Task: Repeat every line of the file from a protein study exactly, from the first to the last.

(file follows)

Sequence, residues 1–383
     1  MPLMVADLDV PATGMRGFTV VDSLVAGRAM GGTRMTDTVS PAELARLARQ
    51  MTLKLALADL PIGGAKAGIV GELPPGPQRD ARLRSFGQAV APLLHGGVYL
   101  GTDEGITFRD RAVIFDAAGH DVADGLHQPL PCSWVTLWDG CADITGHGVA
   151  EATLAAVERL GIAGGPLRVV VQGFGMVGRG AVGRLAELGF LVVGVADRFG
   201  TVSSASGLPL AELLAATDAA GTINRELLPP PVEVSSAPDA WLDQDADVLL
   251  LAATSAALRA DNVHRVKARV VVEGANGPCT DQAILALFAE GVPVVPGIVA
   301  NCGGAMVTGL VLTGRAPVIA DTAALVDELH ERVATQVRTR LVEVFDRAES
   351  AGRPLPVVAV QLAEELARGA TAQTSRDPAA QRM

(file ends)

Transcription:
Sequence, residues 1–383
     1  MPLMVADLDV PATGMRGFTV VDSLVAGRAM GGTRMTDTVS PAELARLARQ
    51  MTLKLALADL PIGGAKAGIV GELPPGPQRD ARLRSFGQAV APLLHGGVYL
   101  GTDEGITFRD RAVIFDAAGH DVADGLHQPL PCSWVTLWDG CADITGHGVA
   151  EATLAAVERL GIAGGPLRVV VQGFGMVGRG AVGRLAELGF LVVGVADRFG
   201  TVSSASGLPL AELLAATDAA GTINRELLPP PVEVSSAPDA WLDQDADVLL
   251  LAATSAALRA DNVHRVKARV VVEGANGPCT DQAILALFAE GVPVVPGIVA
   301  NCGGAMVTGL VLTGRAPVIA DTAALVDELH ERVATQVRTR LVEVFDRAES
   351  AGRPLPVVAV QLAEELARGA TAQTSRDPAA QRM